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Aircall’s finance tool stack: a look inside a global tech unicorn

Luc Hancock
Luc Hancock CFO Connect

“If you’re paying for a tool you’re not using, that’s a failure in some sense. Don’t hesitate to ask people to get help…because a tool is only successful once you implement it and use it.”  - Paul Mondollot, Aircall

Your finance tool stack should be able to grow with your company. But because there are so many tools on the market, it’s hard to know how to get started. And once you’ve got a few tools in your arsenal, how can you ensure they’ll handle a scaling company?

Paul Mondollot, VP of FP&A at Aircall and finance tool expert, shared how he and his team constructed a tool stack that fit their needs. 

Aircall is a business phone and communication platform used around the world, so their finance tools need to be efficient, operable in every country, and interconnected.

Paul shared his steps to creating a solid stack from the ground up, plus insider tips on how to keep everything running smoothly. Read on to find out how Aircall built and optimized their scalable finance tool stack.

Aircall’s current finance tool stack

In the image below, you’ll find Aircall’s current finance tool stack. The ERP Oracle NetSuite lies at the center of the stack, with links between Aircall’s payment systems, spend management, HRIS, tax, banks, and all other tools.

Aircall's finance tool stack

Paul’s tips to build the ideal tool stack

1. Prioritize projects and assess risk

Before you can optimize or implement any tools, the first step is to take a look at the big picture. 

Paul suggests you start with the obvious questions: why are we implementing a new tool? What are we trying to achieve?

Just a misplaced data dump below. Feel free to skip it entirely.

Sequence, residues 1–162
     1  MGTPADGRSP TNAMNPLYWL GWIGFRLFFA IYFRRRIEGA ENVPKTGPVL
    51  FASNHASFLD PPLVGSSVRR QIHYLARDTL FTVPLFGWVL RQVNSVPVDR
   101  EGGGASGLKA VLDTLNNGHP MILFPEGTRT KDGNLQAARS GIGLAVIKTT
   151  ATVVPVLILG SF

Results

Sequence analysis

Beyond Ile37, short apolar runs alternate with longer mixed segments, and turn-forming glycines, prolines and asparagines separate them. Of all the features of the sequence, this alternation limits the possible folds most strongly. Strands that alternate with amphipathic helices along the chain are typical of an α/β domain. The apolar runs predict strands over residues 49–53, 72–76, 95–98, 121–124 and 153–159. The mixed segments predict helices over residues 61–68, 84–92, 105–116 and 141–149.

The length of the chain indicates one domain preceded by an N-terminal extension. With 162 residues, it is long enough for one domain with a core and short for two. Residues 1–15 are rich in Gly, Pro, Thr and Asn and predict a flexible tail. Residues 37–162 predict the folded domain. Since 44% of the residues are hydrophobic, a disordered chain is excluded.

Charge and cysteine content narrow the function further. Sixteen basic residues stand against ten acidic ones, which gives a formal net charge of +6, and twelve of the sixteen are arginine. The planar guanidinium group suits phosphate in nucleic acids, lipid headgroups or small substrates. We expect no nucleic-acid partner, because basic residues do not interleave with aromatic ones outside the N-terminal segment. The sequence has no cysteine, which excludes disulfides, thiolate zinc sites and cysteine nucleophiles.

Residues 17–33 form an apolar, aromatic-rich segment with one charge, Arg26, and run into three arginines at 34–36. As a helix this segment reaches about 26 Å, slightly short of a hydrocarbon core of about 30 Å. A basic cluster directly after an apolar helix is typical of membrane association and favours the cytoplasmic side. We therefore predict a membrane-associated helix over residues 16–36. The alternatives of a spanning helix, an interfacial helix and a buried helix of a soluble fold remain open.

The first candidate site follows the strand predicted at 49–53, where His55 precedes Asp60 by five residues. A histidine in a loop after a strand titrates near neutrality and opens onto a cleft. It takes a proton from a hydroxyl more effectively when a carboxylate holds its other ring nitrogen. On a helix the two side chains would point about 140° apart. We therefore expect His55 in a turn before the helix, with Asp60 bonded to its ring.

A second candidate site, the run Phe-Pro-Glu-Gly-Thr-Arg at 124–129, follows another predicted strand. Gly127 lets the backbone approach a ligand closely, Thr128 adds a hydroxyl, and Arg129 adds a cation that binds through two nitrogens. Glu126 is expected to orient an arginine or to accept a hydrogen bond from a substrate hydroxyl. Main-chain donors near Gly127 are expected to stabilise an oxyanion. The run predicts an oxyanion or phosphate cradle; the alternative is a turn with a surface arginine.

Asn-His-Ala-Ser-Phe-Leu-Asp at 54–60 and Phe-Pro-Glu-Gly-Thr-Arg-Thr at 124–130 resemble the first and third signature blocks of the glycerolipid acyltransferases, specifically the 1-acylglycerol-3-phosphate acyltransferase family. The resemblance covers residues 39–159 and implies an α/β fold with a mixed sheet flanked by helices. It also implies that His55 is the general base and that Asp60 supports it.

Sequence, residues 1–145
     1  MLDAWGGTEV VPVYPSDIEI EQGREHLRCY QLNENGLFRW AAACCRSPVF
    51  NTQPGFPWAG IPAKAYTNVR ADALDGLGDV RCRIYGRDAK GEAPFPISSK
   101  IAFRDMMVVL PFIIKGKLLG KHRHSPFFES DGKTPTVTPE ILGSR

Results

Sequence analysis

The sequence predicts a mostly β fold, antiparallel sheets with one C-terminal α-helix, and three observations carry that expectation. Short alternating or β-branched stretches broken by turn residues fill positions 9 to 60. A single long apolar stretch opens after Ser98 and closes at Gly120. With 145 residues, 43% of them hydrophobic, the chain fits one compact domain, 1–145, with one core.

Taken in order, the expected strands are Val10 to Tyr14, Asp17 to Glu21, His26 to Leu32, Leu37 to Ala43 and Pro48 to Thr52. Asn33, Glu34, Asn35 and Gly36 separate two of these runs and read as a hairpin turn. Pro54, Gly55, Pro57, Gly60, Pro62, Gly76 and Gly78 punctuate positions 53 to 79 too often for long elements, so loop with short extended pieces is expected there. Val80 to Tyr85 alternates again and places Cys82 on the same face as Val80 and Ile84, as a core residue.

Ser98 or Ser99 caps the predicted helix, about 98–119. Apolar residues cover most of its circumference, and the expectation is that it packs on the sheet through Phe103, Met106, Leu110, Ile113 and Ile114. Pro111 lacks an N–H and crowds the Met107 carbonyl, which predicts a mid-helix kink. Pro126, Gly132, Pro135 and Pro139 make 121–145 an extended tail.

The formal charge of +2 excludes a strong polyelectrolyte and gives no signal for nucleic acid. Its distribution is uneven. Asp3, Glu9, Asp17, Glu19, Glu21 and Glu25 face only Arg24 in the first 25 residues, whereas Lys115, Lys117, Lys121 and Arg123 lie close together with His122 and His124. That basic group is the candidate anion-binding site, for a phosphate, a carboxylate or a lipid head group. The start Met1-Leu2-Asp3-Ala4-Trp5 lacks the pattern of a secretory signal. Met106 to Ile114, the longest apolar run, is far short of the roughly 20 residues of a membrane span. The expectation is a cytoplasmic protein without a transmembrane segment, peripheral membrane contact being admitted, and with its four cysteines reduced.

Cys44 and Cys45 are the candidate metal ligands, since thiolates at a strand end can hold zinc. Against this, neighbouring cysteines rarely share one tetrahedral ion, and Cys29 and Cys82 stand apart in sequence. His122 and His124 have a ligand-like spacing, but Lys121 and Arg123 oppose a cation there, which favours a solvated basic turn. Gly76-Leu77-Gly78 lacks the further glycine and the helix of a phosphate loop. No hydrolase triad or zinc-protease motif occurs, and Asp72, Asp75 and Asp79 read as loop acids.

He explains: “This will help prioritize what you want to work on. You need to understand what the issues are in your organization. It depends on your organization, your current tool set, and your ongoing topics.”

He says that your top priority should be identifying risk, and then go from there.

“I’d recommend going by processes and understanding your level of risk. Do you have risk tied to a process that could kill your company?”

For example, Aircall ran into some complex issues related to taxes in the United States. “Looking at the complexity of US taxes, we chose to fast track our tax tool Avalara in order to be aligned on taxes.” This was a priority because any sort of tax issue is a big risk in terms of liability.

Paul offers another example: “Maybe you’re struggling to understand the data and you can’t forecast. In that case, start with BI tools or an EPM.”

This is the best way to begin your finance tool stack evaluation: start with your highest-risk challenges and prioritize those first.

2. Build a stack suited to your company

Looking at Aircall’s finance tool stack above, you’ll see tools suited to Aircall’s business model, industry, and structure. There’s nothing superfluous in the stack – every tool has its use. 

But building a stack takes time. Paul says that Aircall’s current tool stack took a total of five years to build.

Paul points out that Oracle NetSuite, the enterprise resource planning tool, sits front and center in the stack. He says of NetSuite, “It’s central to our tool stack today. We have different modules that are part of NetSuite.”

There are tons of ERP options out there, but Aircall decided that NetSuited suited them best. And in the end, it was the right decision. He says: “Netsuite has been a game changer because of how modular it is and how central it is to our stack. We couldn’t live without it because it does everything for us.”

He goes on to describe a few other tools in the stack and how they interconnect:

“GoCardless and ProcessOut are connected to NetSuite. 100% of Aircall’s payments are fully automated. We have three banks to address all our needs in all the countries. There’s a connection from JP Morgan to NetSuite; we’re able to trigger payments to NetSuite.”

He continues: “Order to cash at Aircall is kind of complicated because we have a high volume of small customers worldwide, in over 100 countries and over 1,000 SKUs in the system. We invest massively in this. We have Salesforce CPQ, where all the sales reps and CSMs build quotes and contracts.”